Dean Van Leeuwen spoke at the IoIC conference last week about generational differences and how to understand and influence around the topic. Dean describes himself as a ‘futurologist’, and in case you haven’t heard of that profession, here’s its meaning:

Futurists or futurologists are scientists and social scientists whose speciality is futurology. This is the systematic exploration of predictions and possibilities about the future and how they can emerge from the present. (Thank you, Google.)

So, the generation chat! I’m always a little weary of people talking about ‘different generations’. I immediately feel shoe-horned, especially being a Gen Y, which is a generation that people are still trying to figure out. I find generalisations (and they definitely are generalisations) very unnerving and usually end up feeling annoyed that no one gets me, including myself, or worried that I’m not normal. Both unhealthy feelings! And then there’s the question, do generational differences actually make a difference to the workplace? But that’s for another day.

Back to the point, all that aside, I actually really enjoyed Dean’s talk (phewww…) so I’m going to tell you a little bit about it. The first interesting comment I noted was that Dean said our value system is in place by the age of 12. Through our teens we challenge that value system and by our 20s we use that value system as a guiding beacon through life. I really liked this idea, and I think it’s very true.

Dean then went on to compare each generation to a season (as in weather, not salt or pepper). Here’s a little breakdown (and this will seem like a generalisation so I apologise in advance!):

The season of the Silent Generation: the ‘waste not, want not’ attitude.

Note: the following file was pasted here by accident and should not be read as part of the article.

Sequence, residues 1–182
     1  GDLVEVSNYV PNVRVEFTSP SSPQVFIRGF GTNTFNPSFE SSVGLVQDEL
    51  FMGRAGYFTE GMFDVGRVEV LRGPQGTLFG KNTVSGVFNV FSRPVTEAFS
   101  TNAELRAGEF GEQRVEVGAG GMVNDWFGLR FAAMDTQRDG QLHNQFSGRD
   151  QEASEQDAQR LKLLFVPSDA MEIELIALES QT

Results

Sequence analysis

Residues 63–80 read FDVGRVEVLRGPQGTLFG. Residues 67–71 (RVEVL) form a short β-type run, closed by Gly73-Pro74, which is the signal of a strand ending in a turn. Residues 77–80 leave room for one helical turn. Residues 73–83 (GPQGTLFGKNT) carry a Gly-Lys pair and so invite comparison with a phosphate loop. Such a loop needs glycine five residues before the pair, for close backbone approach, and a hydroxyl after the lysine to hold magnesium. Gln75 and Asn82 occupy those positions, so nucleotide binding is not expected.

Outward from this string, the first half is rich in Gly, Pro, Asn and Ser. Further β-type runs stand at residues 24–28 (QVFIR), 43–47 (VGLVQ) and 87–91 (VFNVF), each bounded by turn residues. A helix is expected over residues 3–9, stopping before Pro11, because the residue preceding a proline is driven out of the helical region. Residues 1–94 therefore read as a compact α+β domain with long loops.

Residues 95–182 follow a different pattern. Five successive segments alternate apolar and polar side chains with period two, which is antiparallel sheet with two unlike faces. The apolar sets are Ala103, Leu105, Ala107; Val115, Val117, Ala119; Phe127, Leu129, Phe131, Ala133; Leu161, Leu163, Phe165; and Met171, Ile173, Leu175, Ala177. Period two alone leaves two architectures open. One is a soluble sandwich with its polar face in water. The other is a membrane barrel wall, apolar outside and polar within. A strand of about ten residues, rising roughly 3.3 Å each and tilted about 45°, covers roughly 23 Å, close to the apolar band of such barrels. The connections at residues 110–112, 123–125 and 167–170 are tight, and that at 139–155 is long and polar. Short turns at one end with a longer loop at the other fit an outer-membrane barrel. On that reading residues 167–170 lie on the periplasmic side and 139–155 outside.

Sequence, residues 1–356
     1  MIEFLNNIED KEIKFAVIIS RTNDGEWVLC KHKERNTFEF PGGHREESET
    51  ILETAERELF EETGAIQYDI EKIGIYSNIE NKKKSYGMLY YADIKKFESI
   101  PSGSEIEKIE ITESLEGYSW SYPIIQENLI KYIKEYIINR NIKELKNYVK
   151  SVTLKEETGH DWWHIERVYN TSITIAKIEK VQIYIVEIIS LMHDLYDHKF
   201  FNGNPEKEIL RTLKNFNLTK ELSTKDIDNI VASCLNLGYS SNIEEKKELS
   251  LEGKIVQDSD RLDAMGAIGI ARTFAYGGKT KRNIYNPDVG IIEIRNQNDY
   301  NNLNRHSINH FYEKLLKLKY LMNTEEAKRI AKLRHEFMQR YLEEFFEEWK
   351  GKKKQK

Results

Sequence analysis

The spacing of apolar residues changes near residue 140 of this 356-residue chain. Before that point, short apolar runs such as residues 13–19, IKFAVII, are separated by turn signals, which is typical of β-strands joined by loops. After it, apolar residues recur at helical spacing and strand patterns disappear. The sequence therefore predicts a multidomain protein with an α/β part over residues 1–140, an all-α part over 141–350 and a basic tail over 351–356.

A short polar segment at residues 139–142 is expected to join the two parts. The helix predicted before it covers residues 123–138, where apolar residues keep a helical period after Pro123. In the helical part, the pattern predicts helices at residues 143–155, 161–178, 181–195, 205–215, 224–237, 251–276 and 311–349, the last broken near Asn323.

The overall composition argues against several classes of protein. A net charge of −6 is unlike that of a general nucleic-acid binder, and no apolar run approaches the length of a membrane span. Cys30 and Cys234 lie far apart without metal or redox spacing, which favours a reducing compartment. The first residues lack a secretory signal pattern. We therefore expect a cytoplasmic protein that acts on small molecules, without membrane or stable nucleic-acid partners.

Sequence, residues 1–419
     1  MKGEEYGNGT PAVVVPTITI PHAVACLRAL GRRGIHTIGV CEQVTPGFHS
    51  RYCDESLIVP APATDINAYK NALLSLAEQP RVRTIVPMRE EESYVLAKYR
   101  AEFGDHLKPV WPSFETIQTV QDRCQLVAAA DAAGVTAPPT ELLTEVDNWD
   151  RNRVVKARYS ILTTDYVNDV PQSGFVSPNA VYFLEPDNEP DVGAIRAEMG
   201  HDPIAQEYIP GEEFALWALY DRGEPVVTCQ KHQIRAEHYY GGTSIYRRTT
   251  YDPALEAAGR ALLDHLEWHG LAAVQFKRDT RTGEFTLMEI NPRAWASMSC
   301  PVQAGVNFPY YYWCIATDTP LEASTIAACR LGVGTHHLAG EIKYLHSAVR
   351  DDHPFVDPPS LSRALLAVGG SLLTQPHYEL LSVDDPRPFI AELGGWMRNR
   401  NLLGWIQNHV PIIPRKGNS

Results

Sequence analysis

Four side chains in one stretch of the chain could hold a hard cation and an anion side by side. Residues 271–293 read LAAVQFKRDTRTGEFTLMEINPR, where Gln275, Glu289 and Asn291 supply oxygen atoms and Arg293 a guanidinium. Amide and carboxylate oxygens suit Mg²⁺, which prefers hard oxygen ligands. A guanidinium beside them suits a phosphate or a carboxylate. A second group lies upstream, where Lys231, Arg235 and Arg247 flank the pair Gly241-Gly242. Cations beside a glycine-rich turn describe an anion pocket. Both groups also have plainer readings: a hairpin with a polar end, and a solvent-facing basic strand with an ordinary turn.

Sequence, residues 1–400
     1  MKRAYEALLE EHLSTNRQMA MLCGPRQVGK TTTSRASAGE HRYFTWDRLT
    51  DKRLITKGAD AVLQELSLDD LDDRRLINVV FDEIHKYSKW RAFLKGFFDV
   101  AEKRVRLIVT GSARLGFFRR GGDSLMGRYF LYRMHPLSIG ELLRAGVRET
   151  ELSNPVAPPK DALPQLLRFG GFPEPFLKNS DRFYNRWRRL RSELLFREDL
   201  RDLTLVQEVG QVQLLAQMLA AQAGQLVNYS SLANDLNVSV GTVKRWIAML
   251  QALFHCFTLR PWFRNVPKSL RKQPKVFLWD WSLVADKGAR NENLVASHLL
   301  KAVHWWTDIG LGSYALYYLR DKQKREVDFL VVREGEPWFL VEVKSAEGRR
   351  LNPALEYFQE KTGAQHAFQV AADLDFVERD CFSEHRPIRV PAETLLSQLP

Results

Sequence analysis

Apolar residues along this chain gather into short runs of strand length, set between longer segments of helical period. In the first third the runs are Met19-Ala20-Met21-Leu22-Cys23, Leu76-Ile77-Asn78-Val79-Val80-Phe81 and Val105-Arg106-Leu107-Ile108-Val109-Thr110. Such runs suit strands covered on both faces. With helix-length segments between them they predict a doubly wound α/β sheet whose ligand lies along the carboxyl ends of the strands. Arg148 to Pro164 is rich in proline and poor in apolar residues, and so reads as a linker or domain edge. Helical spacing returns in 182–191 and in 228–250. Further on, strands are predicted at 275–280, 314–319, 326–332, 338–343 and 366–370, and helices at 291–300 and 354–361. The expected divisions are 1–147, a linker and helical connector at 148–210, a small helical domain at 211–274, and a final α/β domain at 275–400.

The season of the Baby Boomer: lovers of missions, brainstorms and away days.

The season of Gen X: priorities in four fs – fun, friendship, family and flexibility.

The season of Gen Y: optimistic ‘if you’re good enough, you’d old enough’ approach.

Dean took us through the four seasons, pointing out world events that have shaped our values and attitudes while growing up in such different times. I laughed and I (almost) cried, it felt like a real journey - he is a brilliant presenter.

So what did we take away from it?
Tips on how to communicate with .. my generation (Y)!

-          Give us a sense of purpose
-          Get the technology right, we’re digital natives - don’t you know!
-          Allow us not just access but real two-way dialogue with leaders
-          Have some fun!

I think all of this is true of me and what’s important to me in the workplace. I’m still to decide whether we should be communicated to according to our generational differences. But I didn’t come away from Dean’s talk annoyed or worried. If anything, the generation disconnect is important to keep in mind when communicating with employees. However, it’s really down to the individual you’re trying to engage. Get to know everyone on your team one by one, because we’re all just so different, even if our generation is the same.